Aurizon Mines (AZK)
This miner works in the northwestern part of Quebec. Although production this year is on track, the company trimmed its full-year production guidance a bit going forward (from 155,000 - 160,000 ounces to 150,000 ounces). But the stock reminds me a bit of what we might see with small pharmaceutical firms that have active new-drug pipelines in the way the market is reacting well to developments on the exploration front. AZK is pursuing a variety of exploration projects and presently de-emphasizing one project (Hosco) despite positive results of a feasibility study in favor of another group of properties that seems to have more potential (Heva and Hosco West). Enhancing sentiment is an announcement that the most recent analysis of the latter properties is consistent with prior favorable expectations. The company is debt free, cash per share amounts to about $1.20, and despite an aggressive capital program, the company remains cash-flow positive.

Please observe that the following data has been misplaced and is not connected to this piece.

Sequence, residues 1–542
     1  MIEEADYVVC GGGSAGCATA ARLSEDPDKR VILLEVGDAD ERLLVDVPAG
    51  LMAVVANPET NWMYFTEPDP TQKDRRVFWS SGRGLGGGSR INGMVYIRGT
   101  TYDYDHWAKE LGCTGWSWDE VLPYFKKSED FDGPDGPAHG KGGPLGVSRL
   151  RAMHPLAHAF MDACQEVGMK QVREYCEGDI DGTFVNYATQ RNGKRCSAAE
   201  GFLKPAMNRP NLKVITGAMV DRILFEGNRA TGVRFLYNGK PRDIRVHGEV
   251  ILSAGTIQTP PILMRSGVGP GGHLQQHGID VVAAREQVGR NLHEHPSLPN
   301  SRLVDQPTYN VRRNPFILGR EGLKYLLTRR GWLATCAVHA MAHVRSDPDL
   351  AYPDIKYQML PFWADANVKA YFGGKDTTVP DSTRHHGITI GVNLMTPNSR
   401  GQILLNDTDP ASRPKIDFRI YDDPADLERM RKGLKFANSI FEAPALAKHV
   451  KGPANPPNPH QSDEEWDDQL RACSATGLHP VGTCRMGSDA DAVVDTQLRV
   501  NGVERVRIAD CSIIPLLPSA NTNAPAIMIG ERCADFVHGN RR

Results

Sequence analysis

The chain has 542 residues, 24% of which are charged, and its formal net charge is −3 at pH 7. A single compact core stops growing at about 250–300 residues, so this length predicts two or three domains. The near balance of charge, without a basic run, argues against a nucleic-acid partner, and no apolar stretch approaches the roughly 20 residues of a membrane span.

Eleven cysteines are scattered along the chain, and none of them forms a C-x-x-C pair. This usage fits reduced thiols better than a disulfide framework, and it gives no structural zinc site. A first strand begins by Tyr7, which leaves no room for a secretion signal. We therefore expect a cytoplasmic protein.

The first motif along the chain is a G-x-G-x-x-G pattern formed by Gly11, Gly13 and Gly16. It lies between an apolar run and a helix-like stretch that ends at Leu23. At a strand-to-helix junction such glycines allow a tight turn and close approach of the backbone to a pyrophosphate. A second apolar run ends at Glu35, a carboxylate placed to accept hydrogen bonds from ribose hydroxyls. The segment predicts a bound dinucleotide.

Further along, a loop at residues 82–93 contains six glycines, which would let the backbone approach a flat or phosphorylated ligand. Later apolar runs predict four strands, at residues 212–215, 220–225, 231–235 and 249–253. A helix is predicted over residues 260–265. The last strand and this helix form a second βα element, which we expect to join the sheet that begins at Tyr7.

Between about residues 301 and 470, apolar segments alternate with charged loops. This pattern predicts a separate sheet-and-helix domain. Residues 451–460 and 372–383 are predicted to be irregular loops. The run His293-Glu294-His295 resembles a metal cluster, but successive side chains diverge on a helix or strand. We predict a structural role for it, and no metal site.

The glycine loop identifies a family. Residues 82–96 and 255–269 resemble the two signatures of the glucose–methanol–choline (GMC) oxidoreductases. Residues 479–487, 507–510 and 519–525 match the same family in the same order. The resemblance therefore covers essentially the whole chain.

Timmins Gold (OTC:TMGOF)
The negative, here, from the vantage point of fundamental analysis is the company's short financial history: It didn't begin generating revenue until 2011. But so far, it's been doing a nice job in that respect as it works its now-producing mining properties near San Francisco. The company is looking to bump its annual production rate up from 100,000 ounces to 130,000 ounces. Ultimately, however, TGD expects to be way more than a one-mine play. It's pursuing a very active exploration and development program in Mexico and it looks like it has the financial wherewithal to pull it off. It's not debt free (it has short-term debt of $19.3 million, versus $119.2 million in equity) but it has $21.2 million in cash and equivalents. It is profitable on the basis of GAAP earnings and in the trailing 12 months, its $36.4 million in cash from operations was more than sufficient to fund its $30.4 million in capital spending.